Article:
Hitting your head may just give you a headache, but you should never dismiss the hit as a minor injury. About 2.5 per cent of the Canadian population injure their heads each year, so it’s not an uncommon problem. But it can be serious.
The type of head injuries that you hear most about in the news are those that happen while playing sports. Just think, for instance, of hockey player Sidney Crosby. These traumatic brain injuries can cause blood clots, problems with cognition or thinking, changes in vision and perception, headaches, and even seizures.
With ongoing head injuries, the effects can be serious and lead to dementia. Pugilistic dementia, for instance, is a type of dementia that results because of repeated blows to the head in boxing.
You may not play hockey or box, so you may believe that you are not at risk for any of these effects. However, what you may consider a minor hit to your head as the result of a fall can lead to seizures later in life.
A seizure is a sudden surge or change in the electrical activity of your brain that brings about loss of consciousness and control over your muscles. About 0.6 per cent of Canadians live with seizure conditions, and there are over 60 types of seizures depending upon the cause, symptoms and duration.
Seizures can occur at any age, but young children and older adults seem to be more at risk, and more men than women are affected. Genetics do play a role because your risk increases if you have family members that also have seizures.
Dementia, strokes, and brain tumours affect your brain and can result in seizures, as can high fevers. Children with a diagnosis of autism seem to have a higher incidence of seizures. Low levels of electrolytes (that is, the minerals that circulate in your body) and low blood sugar have also been linked to seizures. And, for developing babies, their mother’s drug use can result in seizures in newborns.
As you probably have guessed, damage to the normal functioning of your brain interferes with its electrical activity and produces seizures. However, sometimes a diagnosis of a seizure condition is made and none of the usual causes are present.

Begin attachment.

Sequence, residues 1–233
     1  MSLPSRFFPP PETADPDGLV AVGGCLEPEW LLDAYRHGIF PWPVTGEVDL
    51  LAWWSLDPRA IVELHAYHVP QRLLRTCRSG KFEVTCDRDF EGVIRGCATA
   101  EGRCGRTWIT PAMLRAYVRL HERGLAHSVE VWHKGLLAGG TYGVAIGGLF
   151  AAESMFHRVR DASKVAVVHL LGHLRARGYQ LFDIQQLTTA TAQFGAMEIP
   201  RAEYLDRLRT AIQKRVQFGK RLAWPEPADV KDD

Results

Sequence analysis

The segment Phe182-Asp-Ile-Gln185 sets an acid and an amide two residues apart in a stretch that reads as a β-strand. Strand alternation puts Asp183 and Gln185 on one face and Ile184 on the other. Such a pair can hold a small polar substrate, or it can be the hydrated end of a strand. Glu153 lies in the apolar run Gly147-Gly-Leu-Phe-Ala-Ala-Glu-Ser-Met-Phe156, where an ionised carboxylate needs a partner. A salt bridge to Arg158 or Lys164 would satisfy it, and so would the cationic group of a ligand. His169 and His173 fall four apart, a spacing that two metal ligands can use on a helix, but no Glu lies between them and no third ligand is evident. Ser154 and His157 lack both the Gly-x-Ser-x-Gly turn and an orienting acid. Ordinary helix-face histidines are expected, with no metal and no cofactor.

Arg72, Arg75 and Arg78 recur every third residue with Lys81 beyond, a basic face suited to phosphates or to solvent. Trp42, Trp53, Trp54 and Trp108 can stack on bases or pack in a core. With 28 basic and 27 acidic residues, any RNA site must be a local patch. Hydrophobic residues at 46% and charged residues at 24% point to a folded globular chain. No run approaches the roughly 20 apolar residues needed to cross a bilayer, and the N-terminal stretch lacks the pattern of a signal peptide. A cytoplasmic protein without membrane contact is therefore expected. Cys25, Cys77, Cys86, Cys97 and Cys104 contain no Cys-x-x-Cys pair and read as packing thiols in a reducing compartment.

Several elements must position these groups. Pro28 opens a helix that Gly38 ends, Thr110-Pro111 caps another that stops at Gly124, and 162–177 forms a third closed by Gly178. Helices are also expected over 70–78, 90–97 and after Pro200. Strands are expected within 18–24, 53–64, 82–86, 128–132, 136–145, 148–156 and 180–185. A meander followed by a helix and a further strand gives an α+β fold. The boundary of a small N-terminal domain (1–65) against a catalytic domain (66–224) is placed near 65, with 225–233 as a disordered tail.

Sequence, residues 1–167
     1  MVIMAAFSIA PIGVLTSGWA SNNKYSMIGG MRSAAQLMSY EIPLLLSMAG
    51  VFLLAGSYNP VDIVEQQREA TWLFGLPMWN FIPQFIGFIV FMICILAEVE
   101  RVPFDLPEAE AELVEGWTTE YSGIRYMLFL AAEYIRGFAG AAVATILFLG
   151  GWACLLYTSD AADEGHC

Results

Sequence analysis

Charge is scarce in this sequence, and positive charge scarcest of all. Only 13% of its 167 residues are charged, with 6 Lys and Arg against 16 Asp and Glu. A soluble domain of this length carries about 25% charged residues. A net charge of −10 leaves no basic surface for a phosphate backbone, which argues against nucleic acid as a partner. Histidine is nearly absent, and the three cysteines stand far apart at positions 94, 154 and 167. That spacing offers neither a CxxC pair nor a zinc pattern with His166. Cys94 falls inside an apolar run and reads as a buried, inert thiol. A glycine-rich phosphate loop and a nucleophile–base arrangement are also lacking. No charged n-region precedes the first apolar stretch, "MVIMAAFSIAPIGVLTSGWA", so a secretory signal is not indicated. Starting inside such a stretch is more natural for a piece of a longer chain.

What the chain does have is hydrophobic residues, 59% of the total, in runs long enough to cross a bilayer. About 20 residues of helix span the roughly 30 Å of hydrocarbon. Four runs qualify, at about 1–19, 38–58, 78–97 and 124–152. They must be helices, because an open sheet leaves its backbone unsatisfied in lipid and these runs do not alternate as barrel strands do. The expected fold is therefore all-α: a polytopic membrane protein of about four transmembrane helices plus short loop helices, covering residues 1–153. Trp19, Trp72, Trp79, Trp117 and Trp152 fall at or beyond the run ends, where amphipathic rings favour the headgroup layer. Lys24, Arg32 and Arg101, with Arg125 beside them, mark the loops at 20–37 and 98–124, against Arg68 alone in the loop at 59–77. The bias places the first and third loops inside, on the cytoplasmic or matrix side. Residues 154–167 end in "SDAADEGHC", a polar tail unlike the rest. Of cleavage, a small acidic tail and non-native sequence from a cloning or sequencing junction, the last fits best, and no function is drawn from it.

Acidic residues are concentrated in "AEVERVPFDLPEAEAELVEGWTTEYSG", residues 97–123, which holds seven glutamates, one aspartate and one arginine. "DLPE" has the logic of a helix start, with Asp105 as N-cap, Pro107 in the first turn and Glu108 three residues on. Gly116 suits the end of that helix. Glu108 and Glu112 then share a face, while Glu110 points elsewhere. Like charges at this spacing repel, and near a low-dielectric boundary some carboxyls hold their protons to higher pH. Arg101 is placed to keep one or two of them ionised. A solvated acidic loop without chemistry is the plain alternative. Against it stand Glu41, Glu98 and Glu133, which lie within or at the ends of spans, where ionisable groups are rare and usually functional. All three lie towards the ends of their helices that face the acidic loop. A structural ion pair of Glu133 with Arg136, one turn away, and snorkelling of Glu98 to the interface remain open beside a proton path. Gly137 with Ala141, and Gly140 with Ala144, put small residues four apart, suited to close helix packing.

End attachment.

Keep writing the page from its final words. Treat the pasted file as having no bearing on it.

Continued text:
The seizures are often tracked back to a head injury many years ago that over time causes the changes resulting in seizures.
This means you may not even connect your fall from a tree that injured your head when you were a child to your seizures as an adult, several decades later!
If you do have seizures, a wide variety of drugs are available, for example phenytoin, carbamazepine, divalproex, lamotrigine, topiramate and clobazam. They work by affecting neurochemicals in your nervous system, with different drugs affecting different neurochemicals.
Unfortunately, there is no specific test for seizures that will tell you which neurochemicals need to be treated. Thus you may need to try several different drugs or a combination of two or more to achieve the best possible control.
Some people are able to identify triggers that lead to their seizures, and avoiding the triggers may reduce the incidence of seizures.
Missed medication, lack of sleep, illness, alcohol or illicit drug use, flashing or strobe lights, hormonal changes, and poor eating habits are some potential triggers.
Ideally, you want to prevent head injuries to reduce your risk for seizures. This involves common-sense safety precautions that we should all integrate into our routines.
Always wear you seat belt in a car, and always wear the appropriate head protection when playing sports or riding a bicycle.
Most falls occur in the home, so make sure you home is as fall-proof as it can be. Mild bumps to your head may not cause seizures, but repeated head injuries can — which means you may need to stop playing your favourite sport. And, if you do experience a head injury, have it evaluated, because any head injury can be serious.